2:5-11 The example of our Lord Jesus Christ is set before us. We must resemble him in his life, if we would have the benefit of his death. Notice the two natures of Christ; his Divine nature, and human nature. Who being in the form of God, partaking the Divine nature, as the eternal and only-begotten Son of God, Joh 1:1, had not thought it a robbery to be equal with God, and to receive Divine worship from men. His human nature; herein he became like us in all things except sin. Thus low, of his own will, he stooped from the glory he had with the Father before the world was. Christ's two states, of humiliation and exaltation, are noticed. Christ not only took upon him the likeness and fashion, or form of a man, but of one in a low state; not appearing in splendour. His whole life was a life of poverty and suffering. But the lowest step was his dying the death of the cross, the death of a malefactor and a slave; exposed to public hatred and scorn. The exaltation was of Christ's human nature, in union with the Divine. At the name of Jesus, not the mere sound of the word, but the authority of Jesus, all should pay solemn homage. It is to the glory of God the Father, to confess that Jesus Christ is Lord; for it is his will, that all men should honour the Son as they honour the Father, Joh 5:23. Here we see such motives to self-denying love as nothing else can supply. Do we thus love and obey the Son of God?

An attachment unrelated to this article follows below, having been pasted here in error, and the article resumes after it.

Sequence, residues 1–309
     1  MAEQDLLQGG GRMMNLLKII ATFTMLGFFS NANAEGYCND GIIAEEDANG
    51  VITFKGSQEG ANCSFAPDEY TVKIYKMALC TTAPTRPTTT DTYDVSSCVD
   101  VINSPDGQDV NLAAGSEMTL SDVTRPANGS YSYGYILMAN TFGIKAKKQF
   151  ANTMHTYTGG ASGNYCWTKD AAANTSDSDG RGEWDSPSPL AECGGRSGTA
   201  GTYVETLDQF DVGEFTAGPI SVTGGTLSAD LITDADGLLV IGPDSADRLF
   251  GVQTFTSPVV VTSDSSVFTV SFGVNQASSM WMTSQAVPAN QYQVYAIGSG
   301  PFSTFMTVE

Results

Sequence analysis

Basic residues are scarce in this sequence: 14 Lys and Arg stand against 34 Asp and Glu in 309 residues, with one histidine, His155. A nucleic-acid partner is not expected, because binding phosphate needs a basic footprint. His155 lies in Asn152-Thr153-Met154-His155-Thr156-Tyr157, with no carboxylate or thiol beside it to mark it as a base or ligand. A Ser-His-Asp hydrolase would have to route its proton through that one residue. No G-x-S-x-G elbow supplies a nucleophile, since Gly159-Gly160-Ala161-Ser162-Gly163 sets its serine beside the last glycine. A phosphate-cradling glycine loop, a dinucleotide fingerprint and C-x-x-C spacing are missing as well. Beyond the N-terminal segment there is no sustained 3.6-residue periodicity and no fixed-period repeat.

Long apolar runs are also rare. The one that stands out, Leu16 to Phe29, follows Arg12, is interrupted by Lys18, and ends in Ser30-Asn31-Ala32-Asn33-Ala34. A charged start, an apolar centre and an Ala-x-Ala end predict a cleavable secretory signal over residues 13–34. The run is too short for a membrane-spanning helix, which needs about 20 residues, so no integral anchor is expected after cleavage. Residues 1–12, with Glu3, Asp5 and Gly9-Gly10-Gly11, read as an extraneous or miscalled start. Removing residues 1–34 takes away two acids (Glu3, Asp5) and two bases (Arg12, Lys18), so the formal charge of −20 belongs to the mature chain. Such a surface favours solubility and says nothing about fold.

6. Translate, "Who subsisting (or existing, namely, originally: the Greek is not the simple substantive verb, 'to be') in the form of God (the divine essence is not meant: but the external self-manifesting characteristics of God, the form shining forth from His glorious essence). The divine nature had infinite BEAUTY in itself, even without any creature contemplating that beauty: that beauty was 'the form of God'; as 'the form of a servant' (Php 2:7), which is in contrasted opposition to it, takes for granted the existence of His human nature, so 'the form of God' takes for granted His divine nature [Bengel], Compare Joh 5:37; 17:5; Col 1:15, 'Who is the IMAGE of the invisible God' at a time before 'every creature,' 2Co 4:4, esteemed (the same Greek verb as in Php 2:3) His being on an equality with God no (act of) robbery" or self-arrogation; claiming to one's self what does not belong to him. Ellicott, Wahl, and others have translated, "A thing to be grasped at," which would require the Greek to be harpagma, whereas harpagmos means the act of seizing. So harpagmos means in the only other passage where it occurs, Plutarch [On the Education of Children, 120]. The same insuperable objection lies against Alford's translation, "He regarded not as self-enrichment (that is, an opportunity for self-exaltation) His equality with God." His argument is that the antithesis (Php 2:7) requires it, "He used His equality with God as an opportunity, not for self-exaltation, but for self-abasement, or emptying Himself." But the antithesis is not between His being on an equality with God, and His emptying Himself; for He never emptied Himself of the fulness of His Godhead, or His "BEING on an equality with God"; but between His being "in the FORM (that is, the outward glorious self-manifestation) of God," and His "taking on Him the form of a servant," whereby He in a great measure emptied Himself of His precedent "form," or outward self-manifesting glory as God. Not "looking on His own things" (Php 2:4), He, though existing in the form of God, He esteemed it no robbery to be on an equality with God, yet made Himself of no reputation. "Being on an equality with God, is not identical with subsisting in the form of God"; the latter expresses the external characteristics, majesty, and beauty of the Deity, which "He emptied Himself of," to assume "the form of a servant"; the former, "His being," or NATURE, His already existing STATE OF EQUALITY with God, both the Father and the Son having the same ESSENCE. A glimpse of Him "in the form of God," previous to His incarnation, was given to Moses (Ex 24:10, 11), Aaron, &c.